Poland, Russia, Bohemia, and Servia have contributed stories to this little collection. It may be said that the Bohemian tales, perhaps through the genius of the poets who have preserved them, have, in their original form, more art, more grace, more completeness of outline, than the others. Those from Poland reflect the passive virtues and genial warmth of the peasants whose lives they illustrate. A greater simplicity, amounting even to childishness, will be found to characterise the Russian stories. Those from Servia are in some features unique, and may be found the most interesting of the series. The exalted imagination of the Servian race is allied with keen and homely sense, and their vigorous and beautiful romances called forth the admiration of Goethe. It is hoped that these varied characteristics may not wholly have evaporated in translation. [From the Preface.]

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This delightful book contains forty tales from the Slavonic lands, entitled as follows:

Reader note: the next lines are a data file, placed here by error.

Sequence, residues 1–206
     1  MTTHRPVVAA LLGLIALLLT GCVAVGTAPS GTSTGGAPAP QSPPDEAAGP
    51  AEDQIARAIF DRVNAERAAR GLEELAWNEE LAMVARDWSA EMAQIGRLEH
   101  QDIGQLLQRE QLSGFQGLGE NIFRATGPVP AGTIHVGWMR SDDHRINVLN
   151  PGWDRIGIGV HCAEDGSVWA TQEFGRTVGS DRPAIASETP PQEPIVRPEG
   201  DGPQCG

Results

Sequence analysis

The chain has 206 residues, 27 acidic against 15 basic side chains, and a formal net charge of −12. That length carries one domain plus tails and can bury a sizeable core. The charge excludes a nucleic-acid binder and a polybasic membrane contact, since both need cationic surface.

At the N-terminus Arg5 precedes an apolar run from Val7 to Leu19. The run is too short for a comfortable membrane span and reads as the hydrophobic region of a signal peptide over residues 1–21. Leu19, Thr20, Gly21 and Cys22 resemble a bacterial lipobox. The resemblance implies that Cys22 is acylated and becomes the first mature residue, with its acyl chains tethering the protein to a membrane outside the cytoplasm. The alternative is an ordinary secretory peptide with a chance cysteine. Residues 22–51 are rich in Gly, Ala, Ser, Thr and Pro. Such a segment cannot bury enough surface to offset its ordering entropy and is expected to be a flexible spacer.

Carried Away by the Wind
Why is the Sole of Man’s Foot Uneven?
The Snow-Child
The Demon’s Dance
The Plague-Omen
Story of Gol Voyansky
Lidushka and the Water Demon’s Wife
The Hare’s Heart
The Wonderful Hair
Story of Vasilisa with the Golden Tress,and of Ivan the Pea
The Emperor Trojan’s Goat’s Ears
The Language of Animals
The Evil Eye
Huntsman the Unlucky
How to Choose a Wife
The Plague
Golden Hair
The Plague and the Peasant
Handicraft above Everything
Ivan Kruchina
Right and Wrong
Men-Wolves
Yanechek and the Water Demon
Spirit Treasures
Just Earnings are Never Lost
Story of Little Simpleton
Jonek
The Maiden who was Swifterthan the Horse
The Book of Magic
The Wise Judgment
Twardowski
The Maiden who was Wiserthan the King
Madey
The Long-desired Child
The Wicked Wood-Fays
The Wonderful Bird
Wisdom and Fortune
The Three Brothers
The Brownie, or House Spirit
All about Twopence

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